Cam Cameron has now been in charge of LSU’s quarterbacks for more than two years, and the long process of restocking the depth has finally started to bear fruit.
The most recent addition of Purdue transfer Danny Etling gives the Tigers much more security at the position looking to the 2016 season and beyond. LSU will still just have three eligible quarterbacks on scholarship for 2015, but Cameron had his eyes on the future and now has the roster he wants.
So how did it come to be? Let’s take a look at how Cameron has recruited and built back LSU’s depth at quarterback over the last two-plus years.
Cameron arrived in February 2013 without a quarterback committed in the Class of 2014. That became his first priority and he initially identified a pair from out-of-state that fit what he wanted — Mason Rudolph and DeShone Kizer. Both were interested in LSU and became legitimate targets entering the spring.
Cameron’s arrival at LSU also coincided with the rise of Brandon Harris as a national prospect. Harris started landing major offers early that spring, and once Cameron got his eyes on him, he became target No. 1 for the Tigers.
LSU briefly considered going for two quarterbacks in that 2014 class but eventually put all its chips in Harris’ basket. Rudolph opted for Oklahoma State and Kizer jumped on an offer from his dream school, Notre Dame. LSU was fine to let those two go if it meant getting Harris, and Cameron pulled that off when he landed his commitment in the summer of 2013.
Brandon Harris played sparingly as a freshman
Harris enrolled at LSU the following January after Zach Mettenberger’s remarkable senior season under Cameron’s tutelage. Harris joined four other quarterbacks on the roster, but that number quickly dwindled over the next few months. Hayden Rettig transferred to Rutgers, Stephen Rivers headed for Vanderbilt and Rob Bolden (who had switched positions to wide receiver) moved on to Eastern Michigan.
Though none of the three fit what Cameron wanted in his quarterbacks, it left LSU with only two quarterbacks on scholarship — a true freshman in Harris and Anthony Jennings, who had barely played in his first season at LSU.
Cameron got a pair of commitments in the summer of 2014 (Justin McMillan for 2015 and Feleipe Franks for 2016) but that did nothing for the depth in the 2014 season. The performances of Jennings and Harris that season also left little to feel good about moving forward. LSU did dip its toes in the water for a junior college quarterback last fall, but Cameron didn’t find anything he wanted.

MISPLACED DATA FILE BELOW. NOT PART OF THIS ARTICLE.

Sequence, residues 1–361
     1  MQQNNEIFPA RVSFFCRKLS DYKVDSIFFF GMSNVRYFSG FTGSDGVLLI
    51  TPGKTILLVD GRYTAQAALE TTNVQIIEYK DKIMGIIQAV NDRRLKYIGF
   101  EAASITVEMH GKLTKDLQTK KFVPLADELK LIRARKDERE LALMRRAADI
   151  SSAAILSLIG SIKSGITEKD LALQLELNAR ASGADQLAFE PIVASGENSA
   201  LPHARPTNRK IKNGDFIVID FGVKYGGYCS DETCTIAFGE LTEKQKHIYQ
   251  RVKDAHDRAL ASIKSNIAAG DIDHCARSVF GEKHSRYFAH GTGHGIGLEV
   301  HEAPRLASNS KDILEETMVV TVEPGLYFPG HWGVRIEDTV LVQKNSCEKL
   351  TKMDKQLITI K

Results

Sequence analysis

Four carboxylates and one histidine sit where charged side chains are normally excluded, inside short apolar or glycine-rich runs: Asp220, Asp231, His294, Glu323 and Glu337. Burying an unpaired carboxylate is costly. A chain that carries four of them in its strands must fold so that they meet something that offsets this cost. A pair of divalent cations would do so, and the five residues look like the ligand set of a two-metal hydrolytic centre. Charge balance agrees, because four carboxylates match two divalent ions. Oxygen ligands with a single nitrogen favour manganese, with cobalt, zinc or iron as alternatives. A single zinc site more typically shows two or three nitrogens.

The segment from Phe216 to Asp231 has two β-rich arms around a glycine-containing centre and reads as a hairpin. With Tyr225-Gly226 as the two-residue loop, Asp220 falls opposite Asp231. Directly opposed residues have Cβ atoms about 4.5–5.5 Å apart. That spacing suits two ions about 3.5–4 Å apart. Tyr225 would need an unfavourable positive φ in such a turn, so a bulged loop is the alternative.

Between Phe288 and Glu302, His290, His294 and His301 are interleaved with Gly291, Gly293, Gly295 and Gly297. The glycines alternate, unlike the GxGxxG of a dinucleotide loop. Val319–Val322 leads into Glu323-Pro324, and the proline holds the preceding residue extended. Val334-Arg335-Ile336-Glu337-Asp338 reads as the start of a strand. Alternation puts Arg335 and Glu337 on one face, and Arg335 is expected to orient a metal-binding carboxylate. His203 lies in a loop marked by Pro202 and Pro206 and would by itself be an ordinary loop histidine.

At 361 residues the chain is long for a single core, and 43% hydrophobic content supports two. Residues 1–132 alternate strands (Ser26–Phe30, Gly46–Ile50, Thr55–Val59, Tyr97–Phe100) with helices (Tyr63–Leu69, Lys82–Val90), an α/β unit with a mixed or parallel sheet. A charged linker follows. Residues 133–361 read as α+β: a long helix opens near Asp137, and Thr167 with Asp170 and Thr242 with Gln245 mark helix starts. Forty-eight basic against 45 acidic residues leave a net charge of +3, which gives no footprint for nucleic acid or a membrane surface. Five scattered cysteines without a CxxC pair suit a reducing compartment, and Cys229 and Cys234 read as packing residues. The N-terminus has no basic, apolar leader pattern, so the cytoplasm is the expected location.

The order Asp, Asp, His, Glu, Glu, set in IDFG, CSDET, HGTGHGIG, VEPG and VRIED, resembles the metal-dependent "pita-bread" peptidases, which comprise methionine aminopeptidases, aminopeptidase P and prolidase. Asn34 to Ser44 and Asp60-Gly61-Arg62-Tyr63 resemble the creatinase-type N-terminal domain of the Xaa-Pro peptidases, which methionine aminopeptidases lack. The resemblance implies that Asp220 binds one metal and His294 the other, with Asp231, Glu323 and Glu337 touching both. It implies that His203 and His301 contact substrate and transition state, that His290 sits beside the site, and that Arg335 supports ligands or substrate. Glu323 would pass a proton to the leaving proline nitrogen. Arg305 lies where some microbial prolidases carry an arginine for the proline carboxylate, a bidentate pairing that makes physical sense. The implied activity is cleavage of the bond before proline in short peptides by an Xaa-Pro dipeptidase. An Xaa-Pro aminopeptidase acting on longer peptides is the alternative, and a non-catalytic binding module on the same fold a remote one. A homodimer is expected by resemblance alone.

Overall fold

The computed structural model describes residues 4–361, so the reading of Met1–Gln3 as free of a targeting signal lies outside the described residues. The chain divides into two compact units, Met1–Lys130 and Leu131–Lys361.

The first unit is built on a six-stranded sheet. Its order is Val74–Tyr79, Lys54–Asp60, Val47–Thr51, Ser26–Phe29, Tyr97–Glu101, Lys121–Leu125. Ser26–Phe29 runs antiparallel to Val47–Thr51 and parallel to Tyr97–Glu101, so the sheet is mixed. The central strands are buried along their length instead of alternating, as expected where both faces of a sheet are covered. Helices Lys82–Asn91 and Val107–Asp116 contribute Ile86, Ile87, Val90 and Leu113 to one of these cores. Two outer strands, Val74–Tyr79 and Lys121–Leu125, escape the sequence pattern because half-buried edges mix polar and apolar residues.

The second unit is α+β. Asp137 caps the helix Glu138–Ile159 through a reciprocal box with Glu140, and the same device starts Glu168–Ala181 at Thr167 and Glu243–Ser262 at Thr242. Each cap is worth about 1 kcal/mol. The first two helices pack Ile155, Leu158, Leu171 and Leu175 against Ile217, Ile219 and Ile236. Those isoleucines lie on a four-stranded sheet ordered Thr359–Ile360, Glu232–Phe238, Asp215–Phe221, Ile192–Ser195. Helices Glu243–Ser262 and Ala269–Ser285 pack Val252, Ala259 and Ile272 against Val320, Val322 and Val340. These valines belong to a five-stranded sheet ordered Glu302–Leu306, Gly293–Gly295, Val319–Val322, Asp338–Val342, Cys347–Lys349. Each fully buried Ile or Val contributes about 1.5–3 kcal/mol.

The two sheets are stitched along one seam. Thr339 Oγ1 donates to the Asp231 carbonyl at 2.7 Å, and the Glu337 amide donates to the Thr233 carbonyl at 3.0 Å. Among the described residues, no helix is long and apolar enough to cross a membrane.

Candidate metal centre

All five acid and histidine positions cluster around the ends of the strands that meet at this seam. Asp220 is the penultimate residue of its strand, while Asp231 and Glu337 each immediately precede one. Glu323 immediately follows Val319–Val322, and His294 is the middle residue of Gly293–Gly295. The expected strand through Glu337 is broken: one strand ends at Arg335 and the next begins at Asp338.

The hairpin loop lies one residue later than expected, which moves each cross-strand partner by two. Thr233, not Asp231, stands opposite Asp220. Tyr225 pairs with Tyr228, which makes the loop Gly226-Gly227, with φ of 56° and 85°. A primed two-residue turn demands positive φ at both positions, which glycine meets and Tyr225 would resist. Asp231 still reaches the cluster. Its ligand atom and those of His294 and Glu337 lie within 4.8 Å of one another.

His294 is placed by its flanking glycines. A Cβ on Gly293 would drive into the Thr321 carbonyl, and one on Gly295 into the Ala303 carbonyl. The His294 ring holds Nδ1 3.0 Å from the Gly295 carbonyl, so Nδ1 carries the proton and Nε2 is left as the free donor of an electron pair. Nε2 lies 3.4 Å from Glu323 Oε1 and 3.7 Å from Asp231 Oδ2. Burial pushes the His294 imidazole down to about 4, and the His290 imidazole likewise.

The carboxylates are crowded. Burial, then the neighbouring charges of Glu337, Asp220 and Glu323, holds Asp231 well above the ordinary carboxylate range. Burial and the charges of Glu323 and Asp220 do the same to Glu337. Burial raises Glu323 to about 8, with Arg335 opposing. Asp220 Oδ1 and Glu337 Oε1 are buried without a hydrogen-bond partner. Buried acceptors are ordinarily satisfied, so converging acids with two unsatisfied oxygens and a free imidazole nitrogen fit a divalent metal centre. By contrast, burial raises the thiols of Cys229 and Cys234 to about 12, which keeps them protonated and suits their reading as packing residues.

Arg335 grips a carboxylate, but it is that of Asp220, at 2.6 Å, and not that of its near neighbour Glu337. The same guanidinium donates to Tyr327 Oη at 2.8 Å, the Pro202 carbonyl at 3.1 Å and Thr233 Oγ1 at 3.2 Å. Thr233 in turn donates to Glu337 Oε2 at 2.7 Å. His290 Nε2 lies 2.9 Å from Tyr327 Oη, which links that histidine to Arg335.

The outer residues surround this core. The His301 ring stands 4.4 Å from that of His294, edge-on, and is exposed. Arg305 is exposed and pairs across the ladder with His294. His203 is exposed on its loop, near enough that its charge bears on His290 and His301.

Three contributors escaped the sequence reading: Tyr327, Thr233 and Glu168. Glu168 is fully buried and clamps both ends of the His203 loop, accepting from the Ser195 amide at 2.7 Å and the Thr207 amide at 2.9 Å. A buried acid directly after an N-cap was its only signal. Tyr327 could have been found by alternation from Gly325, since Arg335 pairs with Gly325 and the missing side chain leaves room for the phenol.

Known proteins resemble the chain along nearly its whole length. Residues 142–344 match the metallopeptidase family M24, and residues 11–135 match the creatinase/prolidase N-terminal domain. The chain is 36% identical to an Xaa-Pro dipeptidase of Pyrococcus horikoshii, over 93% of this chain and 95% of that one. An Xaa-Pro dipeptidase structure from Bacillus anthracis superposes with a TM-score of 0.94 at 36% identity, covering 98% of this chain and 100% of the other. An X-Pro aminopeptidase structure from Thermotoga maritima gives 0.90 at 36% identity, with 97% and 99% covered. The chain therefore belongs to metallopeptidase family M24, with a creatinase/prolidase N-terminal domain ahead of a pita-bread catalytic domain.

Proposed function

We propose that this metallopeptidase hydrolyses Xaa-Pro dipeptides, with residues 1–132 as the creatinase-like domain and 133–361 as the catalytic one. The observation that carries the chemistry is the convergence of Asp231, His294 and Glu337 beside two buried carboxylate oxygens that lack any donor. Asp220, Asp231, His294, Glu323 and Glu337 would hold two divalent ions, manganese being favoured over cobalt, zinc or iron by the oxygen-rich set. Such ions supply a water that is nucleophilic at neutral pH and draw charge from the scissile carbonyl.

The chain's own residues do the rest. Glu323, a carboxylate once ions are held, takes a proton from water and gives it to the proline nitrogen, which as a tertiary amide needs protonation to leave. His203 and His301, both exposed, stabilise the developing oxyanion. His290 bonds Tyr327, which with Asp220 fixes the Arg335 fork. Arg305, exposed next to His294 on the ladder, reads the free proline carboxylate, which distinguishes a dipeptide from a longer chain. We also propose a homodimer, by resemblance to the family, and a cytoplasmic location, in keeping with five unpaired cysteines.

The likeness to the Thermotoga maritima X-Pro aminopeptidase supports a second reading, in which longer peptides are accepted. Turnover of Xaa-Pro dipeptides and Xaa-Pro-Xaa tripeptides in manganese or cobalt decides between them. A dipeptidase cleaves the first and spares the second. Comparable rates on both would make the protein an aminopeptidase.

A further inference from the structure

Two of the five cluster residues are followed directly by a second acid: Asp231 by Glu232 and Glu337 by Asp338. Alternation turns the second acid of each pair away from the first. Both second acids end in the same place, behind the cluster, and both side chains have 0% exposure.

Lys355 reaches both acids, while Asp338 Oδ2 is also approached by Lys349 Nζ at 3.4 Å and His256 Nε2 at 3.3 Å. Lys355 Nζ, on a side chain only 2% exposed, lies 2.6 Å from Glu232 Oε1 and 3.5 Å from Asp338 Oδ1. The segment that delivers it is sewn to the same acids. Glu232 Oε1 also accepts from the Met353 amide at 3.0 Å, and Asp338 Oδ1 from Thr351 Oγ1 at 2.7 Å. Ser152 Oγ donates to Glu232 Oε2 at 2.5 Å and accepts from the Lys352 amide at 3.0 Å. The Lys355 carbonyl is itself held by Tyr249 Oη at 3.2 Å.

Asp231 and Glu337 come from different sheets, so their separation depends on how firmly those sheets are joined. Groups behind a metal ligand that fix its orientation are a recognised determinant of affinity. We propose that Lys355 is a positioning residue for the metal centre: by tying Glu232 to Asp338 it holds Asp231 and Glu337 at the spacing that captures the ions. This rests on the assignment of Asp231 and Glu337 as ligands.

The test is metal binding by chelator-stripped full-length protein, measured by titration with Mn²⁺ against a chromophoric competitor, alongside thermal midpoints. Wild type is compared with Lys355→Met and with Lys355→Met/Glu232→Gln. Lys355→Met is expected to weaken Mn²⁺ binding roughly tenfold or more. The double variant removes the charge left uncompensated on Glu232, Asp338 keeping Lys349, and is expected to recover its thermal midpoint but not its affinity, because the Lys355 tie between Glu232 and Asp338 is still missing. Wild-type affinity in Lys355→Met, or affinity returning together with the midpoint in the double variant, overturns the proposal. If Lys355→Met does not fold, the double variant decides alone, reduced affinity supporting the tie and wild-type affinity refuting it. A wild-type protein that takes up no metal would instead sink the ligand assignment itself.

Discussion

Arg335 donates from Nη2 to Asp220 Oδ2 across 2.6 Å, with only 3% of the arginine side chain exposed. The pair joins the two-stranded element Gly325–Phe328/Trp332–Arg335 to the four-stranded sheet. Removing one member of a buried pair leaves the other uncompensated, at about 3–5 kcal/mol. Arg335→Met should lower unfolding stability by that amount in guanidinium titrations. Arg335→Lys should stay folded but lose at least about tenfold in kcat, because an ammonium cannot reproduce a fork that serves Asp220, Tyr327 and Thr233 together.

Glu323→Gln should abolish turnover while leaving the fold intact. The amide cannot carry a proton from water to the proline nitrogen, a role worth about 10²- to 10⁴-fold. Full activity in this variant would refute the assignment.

He also made a late push for Ohio State commit Torrance Gibson in the 2015 class, but that was a tall order, and Gibson ultimately stuck with the Buckeyes. That left McMillan, mostly considered a project at least two or three years away from the field, as the only quarterback in LSU’s 2015 class.
LSU will have him, Jennings and Harris on scholarship this season, and the latter two exited spring still tied for the starting job this year. Jennings also has to get reinstated following his recent arrest, but that’s a topic for another discussion. While there are still some question marks remaining for the position in 2015, the future has taken a turn for the brighter.
Etling, the new transfer, will have to sit out the 2015 season but will enroll this fall and go through practices with the team throughout the year. He’ll be fully eligible by the spring and at the very least gives the Tigers a quality insurance option should neither Jennings nor Harris take hold of the job this season.
Here’s how the LSU roster will hypothetically look at quarterback for 2016: Anthony Jennings (Sr.), Brandon Harris (Jr.), Danny Etling (Jr.), Justin McMillan (R-Fr.), Feleipe Franks (Fr.).
Feleipe Franks will be one of the best QBs LSU has ever signed
If Jennings or Harris wins the job in 2015 and performs well, they’ll enter 2016 as the incumbent likely to hold it for another season. If they don’t, look for Etling to provide legitimate competition in 2016 with the chance to win the job outright. In 2017, it could be Harris or Etling (both seniors by then) depending on what happens in the previous years.
The rest of the future comes down to how Cameron recruits.
Franks continues to rise in the rankings, now the No. 3 quarterback in the country. He’d be one of the highest rated quarterbacks to ever sign with LSU should he hold that position. 2018 looks to be the year he can take hold of LSU’s offense, if not earlier should the more veteran options not work out.
Cameron has targeted a pair of in-state quarterbacks for the 2017 class in Lowell Narcisse (St. James) and Keytaon Thompson (Landry-Walker). He also has a commitment in 2018 from Zadock Dinkelmann, who made that pledge more than a year ago. Cameron has also gone after some big-time national names in both classes, so he’s definitely working to ensure that depth is replenished year-after-year.
So while the quarterback position has been a massive point of concern for LSU over the last year, brighter days are ahead, and Cameron’s master plan has finally started to take shape.
Cam Cameron restocks LSU's quarterback depth
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